The Florida State University Board of Trustees Meeting
FSU Research Building
November 12, 2003
1:30 PM – 3:30 PM
Members Present: Dr. Auzenne, Mrs. Duda, Mr. Ford, Dr. Furlow, Mr. Garcia, Mr. Haggard, Mr. Knowles, Dr. Marshall, Dr. McGee, Mr. Smith, and Mr. Sullivan,
Members Excused: Mr. Brooks (phoned in for the committee meeting) and Mr. Thrasher.
1. Call to Order and Welcome
Vice Chairman Jim Smith chaired the meeting in Chairman Thrasher's absence. He convened the meeting of the Florida State University Board of Trustees at the FSU Research Building in Tallahassee, Florida, at 1:30 p.m., November 12, 2003. The following members were present: Dr. Auzenne, Dr. Furlow, Mr. Haggard, Mr. Knowles, Dr. Marshall, Dr. McGee, Mr. Smith, Mr. Sullivan, and Mr. Ford. Mrs. Duda and Mr. Garcia participated by conference call. Mr. Brooks (phoned in for the committee meeting) and Mr. Thrasher had an excused absence.
Vice Chairman Smith welcomed everyone to the meeting and made several announcements. First, on behalf of the Board he thanked the President and Mrs. Wetherell for the very generous gift that they gave to the University. Second, he said that the College of Medicine just launched the State's first program in Geriatric medicine. They also started their first Ph.D. program in bio-medical sciences that the board approved in June and was approved by the board of Governor's last month. Third, the FSU Center for Reading Research has been tapped for national role. The U.S. Department of Education recently designated the center to be one of three centers nationally that will provide technical assistance to all states for the National Reading First initiative. Fourth, FSU's athletic training/sports medicine major has achieved national accreditation by the Commission on Accreditation of Allied Health Education Programs. Finally, Mr. Smith encouraged everyone to participate in homecoming activities this week and to encourage the team to do whatever is necessary to beat N.C. State on Saturday.
2. Approval of Minutes
Dr. Marshall made a motion that the Board of Trustees' minutes from the minutes of September 19, 2003 meeting be approved. Mrs. Duda seconded the motion that passed unanimously.
3. Comments, Faculty Senate
Dr. Charles Connerly made a presentation on behalf of the Faculty Senate. He expressed appreciation to both the Board of Trustees and the administration of this University for supporting Faculty participation and University Governance. He said that it is in this spirit that the Faculty Senate unanimously adopted a resolution on October 15, 2003 that is being passed around reaffirming its position that academic issues are rightfully, legally, and appropriately the domain of the Faculty Senate while collective bargaining issues and rightfully, legally, and appropriately the domain of the United Faculty of Florida. Dr. Connerly said that the United Faculty of Florida and the Faculty Senate have co-existed on this campus for many years and each organization has different constituencies and different spheres of responsibility. He urged the Board to recognize these differences between the Faculty Senate and the UFF and to address each of the organizations on issues that are appropriate to their distinct jurisdictions. Dr. Connerly indicated that in this way we could continue the established tradition at Florida State of the Faculty Senate working with the administration and the Board of Trustees to assure that Florida State University continues to be an outstanding Institution of higher education.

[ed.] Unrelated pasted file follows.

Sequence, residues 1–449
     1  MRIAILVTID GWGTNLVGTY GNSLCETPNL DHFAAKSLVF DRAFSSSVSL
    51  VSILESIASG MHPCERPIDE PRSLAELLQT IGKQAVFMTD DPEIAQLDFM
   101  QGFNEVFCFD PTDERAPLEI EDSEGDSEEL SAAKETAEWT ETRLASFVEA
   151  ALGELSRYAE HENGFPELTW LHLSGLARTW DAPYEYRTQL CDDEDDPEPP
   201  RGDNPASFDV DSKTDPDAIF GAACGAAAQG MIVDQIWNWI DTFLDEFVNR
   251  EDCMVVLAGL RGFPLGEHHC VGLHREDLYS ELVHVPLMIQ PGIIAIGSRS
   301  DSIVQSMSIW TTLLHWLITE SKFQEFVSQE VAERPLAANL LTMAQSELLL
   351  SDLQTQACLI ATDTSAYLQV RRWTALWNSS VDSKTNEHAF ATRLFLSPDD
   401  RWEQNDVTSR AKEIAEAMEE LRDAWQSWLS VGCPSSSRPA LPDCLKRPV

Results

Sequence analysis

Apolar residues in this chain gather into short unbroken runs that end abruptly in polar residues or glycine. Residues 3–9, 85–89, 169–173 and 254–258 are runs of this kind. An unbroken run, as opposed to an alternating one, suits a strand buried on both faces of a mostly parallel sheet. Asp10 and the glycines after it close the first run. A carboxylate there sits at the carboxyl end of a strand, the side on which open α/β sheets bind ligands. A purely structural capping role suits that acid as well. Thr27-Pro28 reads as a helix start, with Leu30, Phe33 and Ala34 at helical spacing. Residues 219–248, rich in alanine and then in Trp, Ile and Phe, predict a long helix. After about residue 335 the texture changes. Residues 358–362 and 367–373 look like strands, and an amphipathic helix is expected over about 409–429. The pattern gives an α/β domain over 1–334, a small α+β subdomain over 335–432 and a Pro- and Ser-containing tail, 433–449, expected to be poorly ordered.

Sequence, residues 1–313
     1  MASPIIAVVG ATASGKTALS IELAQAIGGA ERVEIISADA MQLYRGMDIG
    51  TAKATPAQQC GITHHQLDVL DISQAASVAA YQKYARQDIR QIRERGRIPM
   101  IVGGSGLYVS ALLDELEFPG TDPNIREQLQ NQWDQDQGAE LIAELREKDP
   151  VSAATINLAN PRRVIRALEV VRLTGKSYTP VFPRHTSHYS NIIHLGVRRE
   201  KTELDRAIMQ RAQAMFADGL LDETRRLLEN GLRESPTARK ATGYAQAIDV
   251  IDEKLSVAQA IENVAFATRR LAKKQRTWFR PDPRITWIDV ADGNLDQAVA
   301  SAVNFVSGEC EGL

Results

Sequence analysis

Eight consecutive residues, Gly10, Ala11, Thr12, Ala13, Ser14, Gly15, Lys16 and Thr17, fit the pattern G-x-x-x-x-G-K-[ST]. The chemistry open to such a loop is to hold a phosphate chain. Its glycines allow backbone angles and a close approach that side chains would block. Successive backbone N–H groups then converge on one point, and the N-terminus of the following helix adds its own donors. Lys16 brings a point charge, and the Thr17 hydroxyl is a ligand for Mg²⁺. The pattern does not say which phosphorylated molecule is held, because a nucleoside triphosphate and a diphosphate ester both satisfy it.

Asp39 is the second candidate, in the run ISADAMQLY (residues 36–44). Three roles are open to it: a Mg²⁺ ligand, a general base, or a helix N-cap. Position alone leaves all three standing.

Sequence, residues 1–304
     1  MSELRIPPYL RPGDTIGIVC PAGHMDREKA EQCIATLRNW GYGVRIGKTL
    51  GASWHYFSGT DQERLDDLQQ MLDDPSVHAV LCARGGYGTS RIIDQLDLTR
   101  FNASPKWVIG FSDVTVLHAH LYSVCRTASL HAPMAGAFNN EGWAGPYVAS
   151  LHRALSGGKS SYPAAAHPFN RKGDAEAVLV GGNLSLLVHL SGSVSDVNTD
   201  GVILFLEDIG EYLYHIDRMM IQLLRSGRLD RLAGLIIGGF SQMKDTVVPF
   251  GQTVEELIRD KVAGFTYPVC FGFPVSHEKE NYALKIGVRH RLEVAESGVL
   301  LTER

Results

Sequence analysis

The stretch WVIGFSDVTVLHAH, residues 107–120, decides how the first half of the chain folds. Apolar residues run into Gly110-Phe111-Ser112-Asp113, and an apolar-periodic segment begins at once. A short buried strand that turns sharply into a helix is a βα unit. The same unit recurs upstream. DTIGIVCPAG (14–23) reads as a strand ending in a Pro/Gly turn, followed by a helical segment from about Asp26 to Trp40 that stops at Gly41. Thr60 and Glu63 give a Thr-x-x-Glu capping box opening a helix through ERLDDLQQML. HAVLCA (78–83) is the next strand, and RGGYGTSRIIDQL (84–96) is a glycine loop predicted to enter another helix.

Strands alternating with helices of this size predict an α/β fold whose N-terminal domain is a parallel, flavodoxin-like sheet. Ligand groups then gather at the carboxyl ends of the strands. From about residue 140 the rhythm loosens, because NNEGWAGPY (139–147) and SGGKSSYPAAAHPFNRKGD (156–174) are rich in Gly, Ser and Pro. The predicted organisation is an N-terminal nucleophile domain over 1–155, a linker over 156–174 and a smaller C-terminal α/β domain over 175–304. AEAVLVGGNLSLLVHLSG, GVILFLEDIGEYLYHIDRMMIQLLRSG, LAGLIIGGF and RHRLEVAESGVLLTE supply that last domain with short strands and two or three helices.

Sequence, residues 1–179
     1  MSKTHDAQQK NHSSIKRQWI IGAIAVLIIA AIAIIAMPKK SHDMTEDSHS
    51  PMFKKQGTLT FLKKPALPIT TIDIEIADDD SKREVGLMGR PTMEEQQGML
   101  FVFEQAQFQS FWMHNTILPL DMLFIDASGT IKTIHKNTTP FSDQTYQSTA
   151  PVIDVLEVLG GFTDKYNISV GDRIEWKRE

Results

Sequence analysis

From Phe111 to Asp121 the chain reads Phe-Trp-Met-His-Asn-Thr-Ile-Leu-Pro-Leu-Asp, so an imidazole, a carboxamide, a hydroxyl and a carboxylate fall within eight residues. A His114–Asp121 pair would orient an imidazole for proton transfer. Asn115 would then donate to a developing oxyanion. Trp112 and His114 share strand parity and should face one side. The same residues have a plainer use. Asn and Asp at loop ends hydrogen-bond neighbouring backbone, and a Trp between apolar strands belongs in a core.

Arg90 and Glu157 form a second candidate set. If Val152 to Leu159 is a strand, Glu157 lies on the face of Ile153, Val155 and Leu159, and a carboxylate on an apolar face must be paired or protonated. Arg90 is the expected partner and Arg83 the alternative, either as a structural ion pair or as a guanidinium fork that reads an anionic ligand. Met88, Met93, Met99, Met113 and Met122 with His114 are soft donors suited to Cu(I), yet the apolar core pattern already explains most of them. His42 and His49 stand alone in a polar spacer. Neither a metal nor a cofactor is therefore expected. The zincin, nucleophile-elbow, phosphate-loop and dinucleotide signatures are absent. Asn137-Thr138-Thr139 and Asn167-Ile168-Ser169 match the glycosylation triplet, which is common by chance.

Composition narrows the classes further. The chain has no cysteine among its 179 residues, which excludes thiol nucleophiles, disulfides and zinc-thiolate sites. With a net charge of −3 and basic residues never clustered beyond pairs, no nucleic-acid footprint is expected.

4. Comments, Student Government Association
Mr. Cordy A. Richardson, Vice President for the Student Government Association, thanked the Board for inviting him to speak. Mr. Richardson listed student activities being conducted during homecoming week. He also said that Student Government is looking for a new way of implementing a ticket distribution system to erase any problems that we've had in the past. The intramural fields are still a concern. He said that students, administration, and Boosters are trying to find a very quick and sound solution to the problem of the parking on the IM fields when there is bad weather and those facilities are destroyed. Mr. Richardson said that the Integration Statue would be unveiled in January. This is the first such statue celebrating the integration of a University in the nation. The ROTC announced that they are planning a statue to honor all e FSU Alumni killed in Military service. He concluded by saying that there are some very nice things going on at campus and the students of Florida State doing some very remarkable things.
5. Consent Items
Mr. Carnaghi indicated that the Finance and Business Committee approved all of the consent items unanimously. Dr. McGee made a motion to approve the consent items. Dr. Furlow seconded the motion, which was approved unanimously. The following items were approved in this motion:
- Request for Bond Approval - Classroom Building
- Request for Bond Approval - New Residence Hall
- Request for Approval for Affirmative Action Report/ EEO Statement
- Request for Approval of FSU Transition Plan for Accounting System
- Request for Extension of Campus Development Agreements/Extension of Campus Master Plan